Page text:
A funny, passionate show, perfect for Black History Month, “Emergence-See!” also celebrates Freedom Rep’s return after a long hiatus. The splendid Philly theater combines the elegance of the restored 19th century Edwin Forrest mansion with the festive African motifs of the contemporary performance space. That very combination — old and new, American and African — is the idea embedded in this one-actor, multicharacter show about the schizophrenia at the center of the current African-American experience. Since he plays all the characters, the talented Daniel Beaty literally embodies the theme he dramatizes.
The show begins with the appearance of a ghost slave ship in the Hudson River near the Statue of Liberty. Four hundred years ago, an African chieftain threw himself overboard rather than become enslaved, and his spirit possesses a deranged Shakespeare scholar who climbs aboard the bone-filled vessel. The question “To be or not to be?” morphs into a political, sociological and philosophical inquiry about the future of black people in America.
The ship’s appearance is both media event and social catalyst as the reporters and crowds gather. Beaty shifts from interviewer to interviewee, from “slavologist” to slave, from Yalie to derelict, from little girl to her grandmother. He can sing soprano and baritone, he can do gay and straight, thuggish and chic. He can illustrate the internal conflict between “the Nerd and the Nigger,” illustrate the violent fantasies of a polite BMW driver stopped by a cop, and portray the little boy within the grown man still waiting for his father who never came home from prison.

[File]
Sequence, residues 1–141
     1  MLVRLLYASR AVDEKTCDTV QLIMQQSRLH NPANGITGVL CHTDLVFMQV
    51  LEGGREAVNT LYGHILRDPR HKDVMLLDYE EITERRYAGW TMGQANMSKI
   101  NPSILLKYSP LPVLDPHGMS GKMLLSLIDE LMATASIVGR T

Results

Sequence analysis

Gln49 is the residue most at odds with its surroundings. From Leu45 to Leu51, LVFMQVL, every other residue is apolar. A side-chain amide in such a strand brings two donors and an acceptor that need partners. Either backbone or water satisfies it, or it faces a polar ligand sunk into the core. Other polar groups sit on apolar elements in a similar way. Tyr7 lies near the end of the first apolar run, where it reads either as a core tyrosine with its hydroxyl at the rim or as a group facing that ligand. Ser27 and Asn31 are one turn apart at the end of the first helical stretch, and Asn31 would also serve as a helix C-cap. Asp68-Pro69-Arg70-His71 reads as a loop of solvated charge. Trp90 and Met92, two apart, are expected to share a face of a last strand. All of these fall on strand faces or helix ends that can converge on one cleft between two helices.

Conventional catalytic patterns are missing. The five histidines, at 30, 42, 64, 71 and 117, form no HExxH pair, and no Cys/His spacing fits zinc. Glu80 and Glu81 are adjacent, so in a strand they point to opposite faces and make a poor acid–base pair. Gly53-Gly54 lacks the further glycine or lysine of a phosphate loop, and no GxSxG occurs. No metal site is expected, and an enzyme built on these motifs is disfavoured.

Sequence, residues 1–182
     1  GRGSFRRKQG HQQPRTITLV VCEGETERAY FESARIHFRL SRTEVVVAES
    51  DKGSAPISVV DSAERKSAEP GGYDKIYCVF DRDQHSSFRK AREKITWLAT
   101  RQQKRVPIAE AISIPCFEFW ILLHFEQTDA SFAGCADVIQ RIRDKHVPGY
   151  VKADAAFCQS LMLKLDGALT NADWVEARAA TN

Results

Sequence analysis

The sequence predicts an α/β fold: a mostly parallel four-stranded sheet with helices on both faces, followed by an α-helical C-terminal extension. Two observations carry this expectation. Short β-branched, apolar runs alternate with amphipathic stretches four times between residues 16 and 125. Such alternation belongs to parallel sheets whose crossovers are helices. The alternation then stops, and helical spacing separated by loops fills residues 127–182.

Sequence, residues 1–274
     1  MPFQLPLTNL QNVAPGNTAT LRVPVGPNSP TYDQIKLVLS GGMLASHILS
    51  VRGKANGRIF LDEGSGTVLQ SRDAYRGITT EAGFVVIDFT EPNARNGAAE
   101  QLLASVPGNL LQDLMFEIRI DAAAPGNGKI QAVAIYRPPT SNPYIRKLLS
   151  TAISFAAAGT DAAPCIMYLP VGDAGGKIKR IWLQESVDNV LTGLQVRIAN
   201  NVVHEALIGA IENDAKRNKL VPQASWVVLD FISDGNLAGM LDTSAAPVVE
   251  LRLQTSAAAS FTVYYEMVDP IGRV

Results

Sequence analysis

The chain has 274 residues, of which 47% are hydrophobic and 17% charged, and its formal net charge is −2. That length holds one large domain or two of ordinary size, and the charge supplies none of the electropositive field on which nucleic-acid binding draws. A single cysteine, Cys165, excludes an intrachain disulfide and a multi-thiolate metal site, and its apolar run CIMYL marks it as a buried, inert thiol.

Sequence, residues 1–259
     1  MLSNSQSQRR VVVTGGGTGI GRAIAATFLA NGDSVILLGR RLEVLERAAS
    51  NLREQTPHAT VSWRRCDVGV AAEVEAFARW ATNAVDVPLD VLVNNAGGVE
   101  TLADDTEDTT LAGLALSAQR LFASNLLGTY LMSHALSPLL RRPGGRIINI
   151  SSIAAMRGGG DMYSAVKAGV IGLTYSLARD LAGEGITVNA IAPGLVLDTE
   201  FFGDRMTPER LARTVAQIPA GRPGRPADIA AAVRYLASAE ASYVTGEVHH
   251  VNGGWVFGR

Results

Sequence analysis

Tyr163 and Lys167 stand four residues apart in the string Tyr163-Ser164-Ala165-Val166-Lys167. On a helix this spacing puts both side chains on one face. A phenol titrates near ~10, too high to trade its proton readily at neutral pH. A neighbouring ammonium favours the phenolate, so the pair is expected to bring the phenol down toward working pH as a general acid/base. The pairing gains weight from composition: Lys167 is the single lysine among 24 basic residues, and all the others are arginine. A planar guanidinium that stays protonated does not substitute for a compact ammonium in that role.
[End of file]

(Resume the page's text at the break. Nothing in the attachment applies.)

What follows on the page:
Among the show’s diverse strengths is its sophistication, rejecting the predictable polemics without losing the passion. Just as each of the many pieces looks as though it might turn into harangue or kitsch or slush, it veers off into self-ironizing humor or fiercely sane cultural analysis.
Beaty is the 2004 Grand Slam Champion of the Nuyorican Poets Cafe, and he uses a poetry slam as part of the architecture of the show: Four characters are performing poets at the Cafe, all wildly different, each presenting knockout poems that actually further the plot. Narrative links among the characters emerge as they develop and reappear, and Beaty shapeshifts with astonishing ease.
Beaty urges his audience to “reconnect” with the past and to “choose to see” as the ghost ship disappears from sight. Without ever becoming ponderous, he suggests the Jungian ideas of racial memory and the collective unconscious to link the African past with the American present. The triumph is that even with its seriousness of purpose, “Emergence-See!” is remarkably entertaining.
At a time when everyone and his uncle seem to be performing multiple-character solo shows, this one’s a standout.